How to protect your mac from malwareSecurity and Privacy options

Staying up-to-date

One thing you should be aware of is that both Apple, as well as software developers, fix security issues as they are discovered. This means that each update or patch that’s being released may contain fixes for vital vulnerabilities or other security flaws. This is why, it is highly recommended that you keep your operating system, drivers, as well as installed software, permanently updated. The more time you keep an older version installed, the more time you give attackers to exploit a known vulnerability.

Using a firewall

Firewalls are a very important part of your machine’s security as their job is to block unauthorized incoming and outgoing connections. By default, the MacOS operating system comes with its own firewall and you should ensure that it’s enabled by going to the Apple menu –> System Preferences –> Security & Privacy –> Firewall and clicking the Turn On Firewall button. Additionally, you can also install third-party tools such as Radio Silence or Noob Proof for extra security and options.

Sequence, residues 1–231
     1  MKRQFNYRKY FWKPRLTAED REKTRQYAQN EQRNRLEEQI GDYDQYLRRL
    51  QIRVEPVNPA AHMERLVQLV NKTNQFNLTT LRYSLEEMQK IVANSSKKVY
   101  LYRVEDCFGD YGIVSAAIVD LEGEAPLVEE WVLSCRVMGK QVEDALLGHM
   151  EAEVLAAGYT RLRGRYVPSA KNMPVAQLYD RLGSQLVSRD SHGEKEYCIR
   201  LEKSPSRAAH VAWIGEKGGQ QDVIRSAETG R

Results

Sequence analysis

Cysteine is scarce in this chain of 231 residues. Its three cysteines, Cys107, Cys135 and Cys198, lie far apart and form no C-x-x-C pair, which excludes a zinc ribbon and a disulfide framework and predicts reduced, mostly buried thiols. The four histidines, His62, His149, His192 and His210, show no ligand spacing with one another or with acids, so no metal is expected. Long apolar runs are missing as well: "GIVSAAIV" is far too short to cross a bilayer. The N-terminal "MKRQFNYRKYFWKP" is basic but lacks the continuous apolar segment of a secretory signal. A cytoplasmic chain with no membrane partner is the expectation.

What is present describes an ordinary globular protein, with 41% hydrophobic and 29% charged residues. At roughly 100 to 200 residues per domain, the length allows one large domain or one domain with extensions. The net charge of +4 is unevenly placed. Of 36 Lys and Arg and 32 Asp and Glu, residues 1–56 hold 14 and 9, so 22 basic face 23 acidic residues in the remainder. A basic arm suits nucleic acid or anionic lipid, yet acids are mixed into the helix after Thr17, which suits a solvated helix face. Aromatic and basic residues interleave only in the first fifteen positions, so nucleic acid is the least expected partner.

These are just a few basic yet important ways of protecting your Mac from malware. Of course, all the security options and tools in the world cannot replace the human brain, so make sure that you carefully read everything before installing an app, visiting a website or opening an email. Now that you know how to keep yourself safe from malware, the question is: what was the most annoying malicious software you’ve had to deal with? Let us know in the comments below.

In most cases, you can scan your Mac, detect malware, and delete it without professional help.

Chris Smith

  • April 27, 2020
  • How to protect your mac from malware

    In 2019, the number of attacks on Mac computers increased by 400%. To protect your device from viruses and malware, you should install an antivirus and an inbound firewall, uninstall the Flash Player and follow a few more simple rules. This article will help you keep your Mac protected 24/7 without paying too much or seeking professional help.

    Apple computers are safe and reliable devices. When compared to a Windows PC, Macs are less likely to get hacked or get infected by viruses. However, according to statistics from Malwarebytes, the number of threats to Mac computers has increased by 400% in 2019. The positive news is that by following a few simple steps you can protect your Mac against cyberattacks.